Monday, September 17, 2012

An inconvenient truth

Earlier this month, The Post-Star's Will Doolittle published a blog entry regarding a Syracuse Post-Standard article on the Adirondack Park Agency and the Adirondack Club and Resort in Tupper Lake. Doolittle, a long time harsh critic of the Agency and of green groups, criticized the central New York daily for shallow, 'he said, she said' journalism. He goes on to add further 'context' that the Syracuse paper should have, in his opinion, included about how the environmentalists were wrong.

I left a comment on the blog saying that Doolittle was essentially attacking the Syracuse paper for not pushing his personal viewpoint. I also pointed out that the shallow 'he said, she said' transcription (not journalism) is a staple of most newspapers and broadcast outlets, including The Post-Star itself. Maybe that's why the daily doesn't do any reporting on Fred Monroe's taxpayer-funded anti-APA activist group.

I guess the comment hit too close to home. The comment has not been published more than two weeks later.


Jon Alexander said...

Post-Star story about ALGRB published Sept. 14, 2011

A funding crisis has befallen the sometimes controversial Adirondack Park Local Government Review Board, a crisis that could threaten the board's mission unless local communities pick up the slack, officials said.

The review board was created by state statute, simultaneously with the Adirondack Park Agency, in 1971. Its mission was to allow local governments, which have historically been critical of the APA, to monitor the agency's actions and weigh in on them.

But since 2008, state funding for the review board has been more than halved. The organization now receives about $50,000 from the state each year; the amount dropped from $80,000 in 2009-10 to $55,400 in 2010-11, alone.

The state now funds about half of the board's $110,000 annual budget.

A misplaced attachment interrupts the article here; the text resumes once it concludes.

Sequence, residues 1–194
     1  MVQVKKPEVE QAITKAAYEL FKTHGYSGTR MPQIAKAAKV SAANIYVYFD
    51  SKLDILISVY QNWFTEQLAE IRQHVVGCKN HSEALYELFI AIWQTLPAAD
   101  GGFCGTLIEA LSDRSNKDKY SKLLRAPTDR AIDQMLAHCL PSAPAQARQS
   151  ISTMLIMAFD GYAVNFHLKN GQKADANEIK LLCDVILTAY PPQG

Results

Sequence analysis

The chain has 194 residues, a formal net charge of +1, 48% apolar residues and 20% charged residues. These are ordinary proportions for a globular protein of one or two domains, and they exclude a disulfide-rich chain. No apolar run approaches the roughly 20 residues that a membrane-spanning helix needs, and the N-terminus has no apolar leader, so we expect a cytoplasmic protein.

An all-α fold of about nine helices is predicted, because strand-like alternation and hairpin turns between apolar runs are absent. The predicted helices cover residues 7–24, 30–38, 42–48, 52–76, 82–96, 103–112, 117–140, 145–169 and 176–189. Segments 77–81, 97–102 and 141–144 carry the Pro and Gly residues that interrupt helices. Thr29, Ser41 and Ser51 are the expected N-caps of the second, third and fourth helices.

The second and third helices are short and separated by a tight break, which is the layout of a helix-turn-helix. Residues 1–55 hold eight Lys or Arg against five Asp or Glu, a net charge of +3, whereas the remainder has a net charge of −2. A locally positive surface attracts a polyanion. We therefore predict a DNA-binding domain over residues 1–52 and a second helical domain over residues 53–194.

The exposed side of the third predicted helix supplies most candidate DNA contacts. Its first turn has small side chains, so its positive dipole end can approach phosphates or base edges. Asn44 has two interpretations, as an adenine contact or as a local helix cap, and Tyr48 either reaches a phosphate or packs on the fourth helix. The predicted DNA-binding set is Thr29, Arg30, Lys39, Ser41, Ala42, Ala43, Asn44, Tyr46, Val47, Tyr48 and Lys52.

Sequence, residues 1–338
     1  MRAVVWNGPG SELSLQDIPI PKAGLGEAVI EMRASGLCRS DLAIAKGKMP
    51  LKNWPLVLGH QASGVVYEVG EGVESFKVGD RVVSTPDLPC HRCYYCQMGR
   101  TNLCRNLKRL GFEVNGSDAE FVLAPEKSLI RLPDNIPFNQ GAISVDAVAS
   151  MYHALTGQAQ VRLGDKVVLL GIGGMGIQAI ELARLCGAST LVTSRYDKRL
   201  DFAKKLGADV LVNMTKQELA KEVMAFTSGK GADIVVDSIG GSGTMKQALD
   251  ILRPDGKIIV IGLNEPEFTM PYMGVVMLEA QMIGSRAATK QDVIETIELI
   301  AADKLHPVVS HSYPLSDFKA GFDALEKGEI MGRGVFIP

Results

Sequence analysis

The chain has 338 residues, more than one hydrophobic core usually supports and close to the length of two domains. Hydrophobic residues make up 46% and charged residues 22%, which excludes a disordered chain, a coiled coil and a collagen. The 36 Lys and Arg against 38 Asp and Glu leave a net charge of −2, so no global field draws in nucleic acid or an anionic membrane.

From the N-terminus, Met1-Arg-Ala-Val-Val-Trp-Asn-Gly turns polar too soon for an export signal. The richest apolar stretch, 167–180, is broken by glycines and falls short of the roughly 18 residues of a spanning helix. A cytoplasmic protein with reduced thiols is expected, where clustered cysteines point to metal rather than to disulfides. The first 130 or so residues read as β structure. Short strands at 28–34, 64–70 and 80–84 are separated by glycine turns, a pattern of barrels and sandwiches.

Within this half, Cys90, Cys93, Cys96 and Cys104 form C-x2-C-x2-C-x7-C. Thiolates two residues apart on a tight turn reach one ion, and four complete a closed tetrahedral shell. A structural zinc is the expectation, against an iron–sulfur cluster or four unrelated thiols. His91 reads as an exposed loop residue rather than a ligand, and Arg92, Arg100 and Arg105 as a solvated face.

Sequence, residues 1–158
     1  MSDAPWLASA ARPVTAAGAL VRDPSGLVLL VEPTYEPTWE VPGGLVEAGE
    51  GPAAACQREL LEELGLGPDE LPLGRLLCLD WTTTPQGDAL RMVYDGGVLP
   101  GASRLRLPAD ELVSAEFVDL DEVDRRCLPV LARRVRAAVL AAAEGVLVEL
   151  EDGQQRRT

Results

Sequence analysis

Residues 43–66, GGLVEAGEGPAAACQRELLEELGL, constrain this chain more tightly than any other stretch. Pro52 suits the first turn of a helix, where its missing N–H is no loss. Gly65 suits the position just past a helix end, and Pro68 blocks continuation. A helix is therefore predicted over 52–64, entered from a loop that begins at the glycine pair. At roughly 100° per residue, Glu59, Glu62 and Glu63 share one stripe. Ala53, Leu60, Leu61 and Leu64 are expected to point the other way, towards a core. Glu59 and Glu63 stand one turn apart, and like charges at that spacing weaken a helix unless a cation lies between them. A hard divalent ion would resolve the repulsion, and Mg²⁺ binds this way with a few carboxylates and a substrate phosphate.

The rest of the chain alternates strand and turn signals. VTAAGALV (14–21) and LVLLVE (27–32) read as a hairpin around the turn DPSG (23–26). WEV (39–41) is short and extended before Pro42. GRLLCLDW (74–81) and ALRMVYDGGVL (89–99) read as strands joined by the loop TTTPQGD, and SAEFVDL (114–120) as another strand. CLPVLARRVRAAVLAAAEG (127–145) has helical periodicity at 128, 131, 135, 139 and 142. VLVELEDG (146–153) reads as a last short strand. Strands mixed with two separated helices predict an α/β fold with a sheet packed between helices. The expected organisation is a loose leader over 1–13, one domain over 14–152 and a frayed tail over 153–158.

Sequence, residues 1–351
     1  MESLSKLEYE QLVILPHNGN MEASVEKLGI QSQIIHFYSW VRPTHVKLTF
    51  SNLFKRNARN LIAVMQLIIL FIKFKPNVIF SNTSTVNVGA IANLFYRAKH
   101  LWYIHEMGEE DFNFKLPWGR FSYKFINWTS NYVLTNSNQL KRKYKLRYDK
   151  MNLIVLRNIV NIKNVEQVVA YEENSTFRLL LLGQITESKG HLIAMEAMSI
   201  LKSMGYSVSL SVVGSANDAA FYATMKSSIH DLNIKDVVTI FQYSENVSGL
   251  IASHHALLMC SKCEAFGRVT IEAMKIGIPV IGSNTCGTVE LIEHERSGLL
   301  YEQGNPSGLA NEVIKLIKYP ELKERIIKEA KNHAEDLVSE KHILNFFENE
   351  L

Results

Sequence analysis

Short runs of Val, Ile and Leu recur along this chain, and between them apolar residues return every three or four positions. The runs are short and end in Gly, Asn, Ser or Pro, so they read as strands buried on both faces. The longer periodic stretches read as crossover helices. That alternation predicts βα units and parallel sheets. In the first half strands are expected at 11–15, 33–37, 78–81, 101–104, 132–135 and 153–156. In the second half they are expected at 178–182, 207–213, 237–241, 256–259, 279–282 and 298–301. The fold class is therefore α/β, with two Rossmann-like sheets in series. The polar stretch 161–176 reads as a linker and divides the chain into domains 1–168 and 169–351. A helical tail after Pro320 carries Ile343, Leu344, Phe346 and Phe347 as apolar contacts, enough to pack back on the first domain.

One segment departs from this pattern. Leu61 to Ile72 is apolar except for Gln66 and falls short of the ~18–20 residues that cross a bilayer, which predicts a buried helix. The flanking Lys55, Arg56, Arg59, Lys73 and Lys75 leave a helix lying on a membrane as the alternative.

"We'll continue to limp along with whatever we get," said Fred Monroe, the review board's executive director. "But the cuts are pretty severe, and at some point, we can't keep doing everything we have been."

To help fix the funding shortfall, the review board is seeking $300 from each of the 103 towns and villages in the Adirondack Park. That would supplement the $32,000 allotted by the 12 counties within the park.

The Lake George Town Board was one of the first to approve the expense on Monday night.

"It's a worthy expense," said Lake George Supervisor Frank McCoy. "They keep an eye on the APA."

Much of the review board's expenses are wrapped up in the salaries of Monroe and his wife, Carol, who is the organization's secretary.

The review board also spent a considerable amount of cash in recent years to lobby Albany against further state land acquisitions in the Adirondacks.

Fred Monroe was paid $39,730 in 2010-11 as the board's executive director, while Carol Monroe received a salary of $16,658, according to the organization's budget. Those salaries have been frozen for three years.

Some $15,000 is spent on position papers and lobbying efforts, according to the organization's budget.

The organization was entirely locally funded until 1994.

Fred Monroe has picked up the duties of the organization's counsel, as the review board's members dissolved the position last year in light of the funding cuts.

As executive director, Monroe holds a non-voting seat on the APA Board of Commissioners.

The review board and the APA are now negotiating the agency's regulatory policies. The APA has been trying to become more user friendly for years, and Monroe said the funding challenge could impact the review board's ability to influence APA reform.

The park's most influential environmental group, the Adirondack Council, has been calling for an investigation of the review board by the state Attorney General.

The council argues the board stepped outside its legislative mandate when it lobbied against the leadership of the APA last year. The review board has also continued to call for a moratorium on state land acquisition, something the APA has no power over, the Adirondack Council claims.
-- Jon Alexander

Brian said...

Yes, this is exactly what the Post-Star should have dug deeper into.

There's pretty strong prima facae evidence just from the ALGRB's own public statements that it's exceeded its mandate.

The Post-Star should've investigated it, rather than (or more appropriately, in addition to) merely adding a 'he said' incidental at the end of a story that was fundamentally about something else.

That would concur with the PS' agenda of highlighting misuse of taxpayer dollars but would've conflicted with its anti-APA agenda.